My friend Mendel Horowitz has a lovely essay on the op-ed page of the New York Times today.
It's about one memorable Passover with his wife's bubby, her grandmother, a survivor.
You could/should click on the link right here:
Mendel is a New York guy, who moved his family to Jerusalem. He is a husband, father, rabbi, psychotherapist, volunteer first-responder, runner, Mets fan and soccer buff, and also very much a writer, currently working on a book about Orthodox Jewish men, group therapy and faith.
We get together for lunch once a year or so when he comes back to Long Island. I love his stories about the male group sessions, or how, when he responds to a crisis with the medics, he never knows if the victim(s) will be speaking Hebrew or English or Arabic – “and it doesn’t matter.”
Two years ago at this time his article on Passover and baseball was published in the Jewish Journal.
I can only imagine how many Seders this evening will be asking why this year is different.
One answer might be that Jeff McNeil should be swinging at the first pitch and smacking it into left-center field to set up a lead for Jacob DeGrom. I suspect there are deeper answers.
* * *
Another writer, my classmate from junior high and Jamaica High in Queens, Letty Cottin Pogrebin, is in the midst of a glorious career. She issues a personal newsletter from time to time, and in her current one she includes a snarky political cartoons and photos.
For the why-is-this-year question, and how we can make the most of it, she reproduces a poem by Kitty O'Meara. (It has been attributed to Kathleen O’Meara, a writer of the 19th Century, but the Web says it is by Kitty O'Meara, a contemporary, different person. Thanks to reader Paul Rerecich for the update.)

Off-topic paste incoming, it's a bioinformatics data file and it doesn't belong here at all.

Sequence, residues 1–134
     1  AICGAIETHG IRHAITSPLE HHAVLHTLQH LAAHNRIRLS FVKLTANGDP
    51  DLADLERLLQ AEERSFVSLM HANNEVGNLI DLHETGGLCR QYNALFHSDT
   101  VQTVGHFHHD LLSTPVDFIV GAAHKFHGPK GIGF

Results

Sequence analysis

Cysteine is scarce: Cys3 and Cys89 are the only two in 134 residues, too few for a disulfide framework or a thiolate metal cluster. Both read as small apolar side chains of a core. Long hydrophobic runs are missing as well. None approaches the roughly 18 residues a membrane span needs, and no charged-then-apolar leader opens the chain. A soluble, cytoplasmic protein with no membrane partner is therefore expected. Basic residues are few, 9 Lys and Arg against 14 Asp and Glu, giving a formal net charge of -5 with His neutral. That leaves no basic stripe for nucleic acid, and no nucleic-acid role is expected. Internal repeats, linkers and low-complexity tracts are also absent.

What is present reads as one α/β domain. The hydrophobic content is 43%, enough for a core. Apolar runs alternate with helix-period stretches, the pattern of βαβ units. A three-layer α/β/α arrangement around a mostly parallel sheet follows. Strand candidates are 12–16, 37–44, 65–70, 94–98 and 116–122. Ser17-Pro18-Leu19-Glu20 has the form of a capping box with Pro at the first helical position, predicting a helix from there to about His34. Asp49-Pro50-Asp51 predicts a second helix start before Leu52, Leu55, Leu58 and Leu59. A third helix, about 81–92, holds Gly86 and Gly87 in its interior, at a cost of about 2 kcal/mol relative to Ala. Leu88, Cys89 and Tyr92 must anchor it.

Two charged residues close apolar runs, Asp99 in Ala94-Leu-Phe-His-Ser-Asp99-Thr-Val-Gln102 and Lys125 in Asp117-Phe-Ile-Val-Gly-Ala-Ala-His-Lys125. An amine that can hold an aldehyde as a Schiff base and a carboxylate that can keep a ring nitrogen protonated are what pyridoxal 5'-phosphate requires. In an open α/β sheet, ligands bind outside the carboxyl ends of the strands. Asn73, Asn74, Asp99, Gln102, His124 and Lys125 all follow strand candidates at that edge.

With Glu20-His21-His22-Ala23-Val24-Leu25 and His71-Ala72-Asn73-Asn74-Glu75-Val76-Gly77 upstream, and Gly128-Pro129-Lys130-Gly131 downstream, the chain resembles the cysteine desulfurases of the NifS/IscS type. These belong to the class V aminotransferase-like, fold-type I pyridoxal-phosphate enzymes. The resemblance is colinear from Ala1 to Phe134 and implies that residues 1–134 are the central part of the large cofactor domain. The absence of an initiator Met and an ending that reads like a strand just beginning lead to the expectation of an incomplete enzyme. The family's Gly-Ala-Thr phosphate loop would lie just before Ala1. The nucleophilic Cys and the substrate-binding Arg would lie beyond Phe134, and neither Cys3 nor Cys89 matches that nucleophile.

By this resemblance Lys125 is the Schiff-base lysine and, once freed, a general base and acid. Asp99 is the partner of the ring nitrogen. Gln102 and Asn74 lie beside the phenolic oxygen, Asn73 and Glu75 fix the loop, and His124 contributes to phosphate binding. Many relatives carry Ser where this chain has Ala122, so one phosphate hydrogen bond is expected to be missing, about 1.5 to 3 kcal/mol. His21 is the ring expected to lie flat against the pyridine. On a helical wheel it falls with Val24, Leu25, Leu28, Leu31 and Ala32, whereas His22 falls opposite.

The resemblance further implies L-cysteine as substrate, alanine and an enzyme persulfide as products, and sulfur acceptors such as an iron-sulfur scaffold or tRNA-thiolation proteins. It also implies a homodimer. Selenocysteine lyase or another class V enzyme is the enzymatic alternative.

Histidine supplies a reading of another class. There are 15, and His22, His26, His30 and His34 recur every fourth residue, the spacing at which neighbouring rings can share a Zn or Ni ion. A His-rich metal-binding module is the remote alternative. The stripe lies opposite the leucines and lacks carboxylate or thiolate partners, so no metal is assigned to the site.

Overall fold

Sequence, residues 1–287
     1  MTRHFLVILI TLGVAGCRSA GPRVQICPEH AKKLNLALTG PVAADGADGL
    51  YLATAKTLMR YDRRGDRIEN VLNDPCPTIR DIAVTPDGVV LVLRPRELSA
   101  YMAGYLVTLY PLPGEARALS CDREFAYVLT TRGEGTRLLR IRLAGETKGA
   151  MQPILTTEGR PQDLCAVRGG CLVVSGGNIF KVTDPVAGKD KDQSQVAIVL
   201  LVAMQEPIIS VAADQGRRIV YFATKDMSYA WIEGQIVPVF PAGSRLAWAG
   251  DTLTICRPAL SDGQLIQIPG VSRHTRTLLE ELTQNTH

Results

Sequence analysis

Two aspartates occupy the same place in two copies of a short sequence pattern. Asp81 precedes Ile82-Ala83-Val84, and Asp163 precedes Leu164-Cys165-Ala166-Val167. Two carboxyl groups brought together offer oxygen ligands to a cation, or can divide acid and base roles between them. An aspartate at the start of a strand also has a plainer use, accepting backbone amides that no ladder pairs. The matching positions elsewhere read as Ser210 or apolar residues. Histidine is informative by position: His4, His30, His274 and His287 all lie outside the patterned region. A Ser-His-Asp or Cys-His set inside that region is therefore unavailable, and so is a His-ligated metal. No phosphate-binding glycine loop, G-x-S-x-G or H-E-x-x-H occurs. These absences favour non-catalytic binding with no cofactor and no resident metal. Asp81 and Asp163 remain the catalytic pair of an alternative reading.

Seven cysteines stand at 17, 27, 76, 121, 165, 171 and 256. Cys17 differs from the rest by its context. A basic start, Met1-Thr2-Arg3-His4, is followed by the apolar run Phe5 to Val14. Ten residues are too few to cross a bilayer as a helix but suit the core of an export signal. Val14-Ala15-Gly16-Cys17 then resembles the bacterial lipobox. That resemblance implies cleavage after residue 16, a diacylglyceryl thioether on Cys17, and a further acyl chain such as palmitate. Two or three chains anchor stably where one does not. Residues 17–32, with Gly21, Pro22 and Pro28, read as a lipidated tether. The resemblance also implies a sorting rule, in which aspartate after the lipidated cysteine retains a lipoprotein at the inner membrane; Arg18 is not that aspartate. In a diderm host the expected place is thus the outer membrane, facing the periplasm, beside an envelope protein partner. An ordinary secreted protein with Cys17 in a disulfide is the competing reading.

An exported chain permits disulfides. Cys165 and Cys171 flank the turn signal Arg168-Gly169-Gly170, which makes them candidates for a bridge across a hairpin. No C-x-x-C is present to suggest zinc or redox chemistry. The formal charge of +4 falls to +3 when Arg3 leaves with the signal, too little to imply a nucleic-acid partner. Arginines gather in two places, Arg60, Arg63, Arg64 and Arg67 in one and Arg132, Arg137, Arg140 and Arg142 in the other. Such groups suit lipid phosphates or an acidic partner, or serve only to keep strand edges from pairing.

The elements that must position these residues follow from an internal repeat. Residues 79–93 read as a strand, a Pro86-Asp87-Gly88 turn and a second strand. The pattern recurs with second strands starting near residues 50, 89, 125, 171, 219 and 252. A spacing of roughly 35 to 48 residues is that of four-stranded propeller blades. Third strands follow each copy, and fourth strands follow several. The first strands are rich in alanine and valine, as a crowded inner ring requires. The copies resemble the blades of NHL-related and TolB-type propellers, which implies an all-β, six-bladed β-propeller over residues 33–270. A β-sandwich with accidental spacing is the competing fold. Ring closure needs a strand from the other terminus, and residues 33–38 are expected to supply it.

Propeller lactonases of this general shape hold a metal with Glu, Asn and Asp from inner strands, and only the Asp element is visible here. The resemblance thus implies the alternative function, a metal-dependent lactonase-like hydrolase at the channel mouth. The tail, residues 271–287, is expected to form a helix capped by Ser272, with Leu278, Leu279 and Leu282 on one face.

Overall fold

And People Stayed Home by Kitty O’Meara:
And people stayed home
and read books and listened
and rested and exercised
and made art and played
and learned new ways of being,
and listened deeper.
someone met their shadow
and people began to think differently
and people healed
and in the absence of people who lived in ignorant ways,
dangerous, meaningless and heartless,
even the earth began to heal
and when the danger ended
and people found each other
grieved for the dead people
and they made new choices
and dreamed of new visions
and created new ways of life
and healed the earth completely
just as they were healed themselves.
* * *
Letty finishes with her holy days wish:
Wishing you a sweet Passover starting tomorrow night. A happy Easter on Sunday. And a generous Ramadan starting April 24. Stay strong, stay safe, stay home. – Letty
“Chag Pesach Sameach" -- GV
Welcome to World Cup 2022, the most absurd thing that the routinely absurd world of sports has ever produced.
Those extreme descriptions were what virtually the entire world, save for those who had walked off with bags of cash from Qatar, called the awarding of soccer’s greatest event to the incredibly tiny, incredibly wealthy country back in 2010.
Twelve years ago, many were convinced this event couldn’t possibly happen: staging the world’s biggest sporting event in a country the size of Connecticut, one with zero soccer culture and even less soccer infrastructure? The tournament couldn’t possibly take place in 120-degree heat, and FIFA, the governing body of soccer, most certainly wouldn’t upend football leagues around the world to change the traditional summer schedule, could it?
And, for God’s sake, what about the beer?
Those were just the logistical concerns. The moral concerns are far more distressing. FIFA, so busy paying lip service to equality, couldn’t possibly expect the world to embrace a country where you could go to prison for being gay, where women’s rights are severely curtailed and female victims of sexual assault could go to prison, charged with engaging in extramarital sex. And all those questions came before the global realization that the World Cup was being built on the backs of migrant labor: modern-day slaves held in Qatar with virtually no rights, low wages and no ability to leave. Migrants make up 90% of Qatar’s stated population of 3 million. The country’s native-born equal about 300,000, or roughly the size of Anaheim.
---Ann Killion, columnist for The San Francisco Chronicle.